You've probably a bunch of codes and numbers all over the containers and wondered what those are, and what is their purpose.
These container numbers are used to communicate the container’s data in correspondence between the vendor, buyer, transporter, regulatory bodies, and any other parties that may be involved in the transaction. Keep reading to learn what each one of these markings represents.
What is container marking?
Each container includes a variety of marks, such as business names, serial numbers, and codes that show what kind of cargo it can hold and how much weight it is.
Containers must have these required operational markings, which provide all the information required for container movement. Each one of these markings plays an important part in the container's shipping and offers essential information to all parties in the supply chain.
Plus it helps with the tracking of the container and maintaining the container and cargo’s safety during its transportation from the point of pick-up to the point of delivery.
9 Mandatory operational container marking
1- Container number
International cargo is identified by a container number, which is a special alphanumeric combination of seven numbers and four letters.
A code consisting of four Latin letters that enables operators and shippers to identify and track the container and it consists of two codes.
· Owner code
A three capital Latin alphabet letters used to identify the owner of the cargo.
· Product group
A single capital Latin alphabet letter (U, J or Z) where U stands for freight containers, J stands for detachable freight container equipment and Z stands for trailers and chassis.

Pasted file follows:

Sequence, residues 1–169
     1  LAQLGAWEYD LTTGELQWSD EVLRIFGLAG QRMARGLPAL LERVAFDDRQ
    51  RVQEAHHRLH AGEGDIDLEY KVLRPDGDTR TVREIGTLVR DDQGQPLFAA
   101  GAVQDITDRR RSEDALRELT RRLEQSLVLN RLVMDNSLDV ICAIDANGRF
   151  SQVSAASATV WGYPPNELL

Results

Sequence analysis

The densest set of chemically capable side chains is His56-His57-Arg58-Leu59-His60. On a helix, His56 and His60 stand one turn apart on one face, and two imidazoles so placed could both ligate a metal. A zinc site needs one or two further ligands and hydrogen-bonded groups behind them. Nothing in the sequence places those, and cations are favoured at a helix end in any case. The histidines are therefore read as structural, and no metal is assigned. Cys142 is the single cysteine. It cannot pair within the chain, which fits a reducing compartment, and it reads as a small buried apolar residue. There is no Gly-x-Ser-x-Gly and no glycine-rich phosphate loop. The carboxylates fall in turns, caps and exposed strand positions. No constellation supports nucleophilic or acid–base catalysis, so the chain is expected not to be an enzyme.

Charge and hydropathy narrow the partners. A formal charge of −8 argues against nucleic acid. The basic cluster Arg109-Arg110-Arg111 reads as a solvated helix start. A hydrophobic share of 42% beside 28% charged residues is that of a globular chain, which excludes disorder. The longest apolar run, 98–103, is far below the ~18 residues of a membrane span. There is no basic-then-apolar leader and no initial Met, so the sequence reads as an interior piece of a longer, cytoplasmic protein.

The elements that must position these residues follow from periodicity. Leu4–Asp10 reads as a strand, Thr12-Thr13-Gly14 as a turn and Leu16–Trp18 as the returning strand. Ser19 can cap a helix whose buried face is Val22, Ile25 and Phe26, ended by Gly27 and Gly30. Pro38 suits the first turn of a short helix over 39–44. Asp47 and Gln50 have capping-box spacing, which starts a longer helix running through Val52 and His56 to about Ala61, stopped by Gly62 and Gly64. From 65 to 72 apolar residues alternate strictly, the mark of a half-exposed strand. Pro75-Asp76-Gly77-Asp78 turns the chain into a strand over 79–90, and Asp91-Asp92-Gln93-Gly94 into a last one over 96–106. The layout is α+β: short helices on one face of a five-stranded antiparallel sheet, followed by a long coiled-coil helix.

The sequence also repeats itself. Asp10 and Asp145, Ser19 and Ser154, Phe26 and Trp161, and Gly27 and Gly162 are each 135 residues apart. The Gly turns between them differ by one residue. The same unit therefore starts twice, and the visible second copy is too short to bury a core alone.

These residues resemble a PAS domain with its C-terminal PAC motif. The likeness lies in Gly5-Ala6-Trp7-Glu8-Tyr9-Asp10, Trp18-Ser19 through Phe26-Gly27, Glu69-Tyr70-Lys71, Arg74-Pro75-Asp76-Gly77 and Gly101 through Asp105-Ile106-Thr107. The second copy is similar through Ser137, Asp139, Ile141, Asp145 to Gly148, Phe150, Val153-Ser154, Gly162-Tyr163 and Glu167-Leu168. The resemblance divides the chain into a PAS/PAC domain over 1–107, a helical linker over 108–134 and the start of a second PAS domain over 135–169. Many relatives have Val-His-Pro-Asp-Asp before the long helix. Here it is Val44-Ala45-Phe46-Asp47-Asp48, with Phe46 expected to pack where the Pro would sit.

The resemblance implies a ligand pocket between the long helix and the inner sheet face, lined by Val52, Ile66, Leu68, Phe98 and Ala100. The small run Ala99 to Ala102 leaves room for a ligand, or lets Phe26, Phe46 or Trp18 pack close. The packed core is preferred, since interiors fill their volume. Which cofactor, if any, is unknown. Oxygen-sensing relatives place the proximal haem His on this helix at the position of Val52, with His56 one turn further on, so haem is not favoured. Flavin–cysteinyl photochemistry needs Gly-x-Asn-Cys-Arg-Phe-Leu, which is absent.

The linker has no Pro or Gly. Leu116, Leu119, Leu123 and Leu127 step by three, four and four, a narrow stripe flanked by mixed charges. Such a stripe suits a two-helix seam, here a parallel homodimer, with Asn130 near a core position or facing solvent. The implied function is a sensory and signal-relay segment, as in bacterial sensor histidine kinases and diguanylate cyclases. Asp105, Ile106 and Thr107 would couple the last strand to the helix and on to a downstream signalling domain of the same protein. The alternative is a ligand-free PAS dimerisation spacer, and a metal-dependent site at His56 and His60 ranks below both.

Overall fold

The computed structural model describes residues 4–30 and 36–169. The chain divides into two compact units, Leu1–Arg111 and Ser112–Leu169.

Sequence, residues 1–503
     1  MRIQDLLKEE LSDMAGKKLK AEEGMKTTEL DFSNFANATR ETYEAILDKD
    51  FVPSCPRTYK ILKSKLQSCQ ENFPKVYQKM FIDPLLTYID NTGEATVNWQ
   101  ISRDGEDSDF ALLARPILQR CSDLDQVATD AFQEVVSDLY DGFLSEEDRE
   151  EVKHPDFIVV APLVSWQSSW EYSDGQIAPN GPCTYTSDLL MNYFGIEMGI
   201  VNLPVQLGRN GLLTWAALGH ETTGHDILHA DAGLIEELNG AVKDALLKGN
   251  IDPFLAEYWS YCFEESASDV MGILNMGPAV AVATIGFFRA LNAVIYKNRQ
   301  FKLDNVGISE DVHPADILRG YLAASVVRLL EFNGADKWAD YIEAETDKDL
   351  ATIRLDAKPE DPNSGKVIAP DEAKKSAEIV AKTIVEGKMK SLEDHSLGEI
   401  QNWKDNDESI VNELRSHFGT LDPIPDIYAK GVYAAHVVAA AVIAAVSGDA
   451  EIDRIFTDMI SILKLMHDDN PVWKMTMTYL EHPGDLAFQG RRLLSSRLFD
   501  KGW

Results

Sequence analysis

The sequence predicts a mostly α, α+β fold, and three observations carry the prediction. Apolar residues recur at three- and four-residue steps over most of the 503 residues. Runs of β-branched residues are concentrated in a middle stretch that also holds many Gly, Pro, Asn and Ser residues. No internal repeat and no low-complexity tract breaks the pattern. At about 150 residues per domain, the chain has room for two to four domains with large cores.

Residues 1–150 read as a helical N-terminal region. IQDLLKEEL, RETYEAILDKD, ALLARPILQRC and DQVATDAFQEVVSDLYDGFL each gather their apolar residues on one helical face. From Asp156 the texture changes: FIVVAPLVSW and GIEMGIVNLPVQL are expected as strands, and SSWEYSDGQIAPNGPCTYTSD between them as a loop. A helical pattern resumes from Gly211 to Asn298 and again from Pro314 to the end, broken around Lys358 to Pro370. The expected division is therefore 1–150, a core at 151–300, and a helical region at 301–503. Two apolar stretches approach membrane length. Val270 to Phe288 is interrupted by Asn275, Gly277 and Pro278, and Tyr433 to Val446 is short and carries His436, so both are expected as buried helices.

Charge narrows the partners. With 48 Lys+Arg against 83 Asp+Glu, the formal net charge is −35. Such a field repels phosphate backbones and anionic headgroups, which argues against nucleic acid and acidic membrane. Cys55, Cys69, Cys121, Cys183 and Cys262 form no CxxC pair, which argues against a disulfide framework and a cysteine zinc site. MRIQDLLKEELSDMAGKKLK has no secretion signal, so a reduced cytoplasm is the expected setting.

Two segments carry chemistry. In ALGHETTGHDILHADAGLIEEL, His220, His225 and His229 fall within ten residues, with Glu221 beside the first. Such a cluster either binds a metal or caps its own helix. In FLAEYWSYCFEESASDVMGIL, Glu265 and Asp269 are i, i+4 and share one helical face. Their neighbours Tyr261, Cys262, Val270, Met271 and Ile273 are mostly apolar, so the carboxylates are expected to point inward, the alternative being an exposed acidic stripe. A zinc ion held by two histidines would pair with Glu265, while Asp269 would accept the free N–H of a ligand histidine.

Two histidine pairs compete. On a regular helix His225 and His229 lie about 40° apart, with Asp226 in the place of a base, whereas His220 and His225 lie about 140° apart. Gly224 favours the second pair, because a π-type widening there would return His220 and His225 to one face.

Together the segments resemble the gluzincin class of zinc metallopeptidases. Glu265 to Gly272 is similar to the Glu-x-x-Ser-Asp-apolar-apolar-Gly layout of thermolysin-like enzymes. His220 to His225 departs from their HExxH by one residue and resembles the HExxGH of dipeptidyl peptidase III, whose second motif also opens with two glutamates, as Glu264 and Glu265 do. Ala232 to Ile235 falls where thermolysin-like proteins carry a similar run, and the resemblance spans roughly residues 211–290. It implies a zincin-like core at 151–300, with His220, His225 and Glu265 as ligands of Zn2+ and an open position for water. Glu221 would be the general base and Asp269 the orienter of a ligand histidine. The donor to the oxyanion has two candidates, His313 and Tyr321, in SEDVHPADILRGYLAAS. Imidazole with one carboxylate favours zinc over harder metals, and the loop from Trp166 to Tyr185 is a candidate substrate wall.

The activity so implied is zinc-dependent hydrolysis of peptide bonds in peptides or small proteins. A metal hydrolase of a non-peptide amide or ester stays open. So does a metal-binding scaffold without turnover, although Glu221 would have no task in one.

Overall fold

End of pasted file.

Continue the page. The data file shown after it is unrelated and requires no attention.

The serial number Or the Registration number consisting of only 6 digits.
The last number on the right, it is calculated off of the four letters and six digits of the container number. (Owner prefix, equipment’s identifier letters and the serial number) to check the accuracy and the validation of the container and to identify incorrect container numbers. It’s always boxed to ensure it stands out from the rest of the number.
and you can calculate the
check digit through BIC’s
2- ISO code
Container Classification (ISO 6346) is a 4-digit code representing the size and type used to identify containers. The first two digits represents the "size code", and the last two digits represent the "type code".
The size code: the first the Length and the second the Width and the Height.
The type code: the third and fourth are for the Features and the Characteristics.
3- Maximum gross and tare mass
The maximum Gross Weight that they are able to carry, including its own tare weight, And the Tare weight of the packaging or the container without the goods. The maximum gross weight and tare mass might vary from a container to another.
4- Maximum cargo volume
The maximum cargo volume or the cubic volume is the maximum amount that can fit into the container. Contrary to weight, it is impossible to pack the container too tightly by volume because it will be obvious.
5- Height marks for containers
Containers that are 2.6 meters (8 feet, 6 inches) or taller have a height warning. On the container, there are two spots where height marks are visible. One is underneath the container's identification number, while the other is on the top border of each side.
6- Max. Payload
The net weight is the weight, or mass, of the goods themselves without any packaging. It is the maximum weight of the cargo that can be packed in the container.it is simply the gross minus the tare weight.
7- Owner’s logo
The logo of the owner or the operator of the container. It may be a shipping line or a containing leasing company.
8- Manufacturer’s logo
The logo of the manufacturing company of the container.
9- Container safety certificate (CSC)
Some containers include a container safety certificate (CSC) issued by the manufacturer that must be renewed every 30 months by a certified inspector.
There are many types of containers out there of
different types of cargo. Even though there can be slight differences in the
measurements of containers from different manufacturers, all containers must
meet the ISO standards. Whom is in charge of regulating the recognized
container standards. In the following article you will learn more about these
containers 6 most common types of containers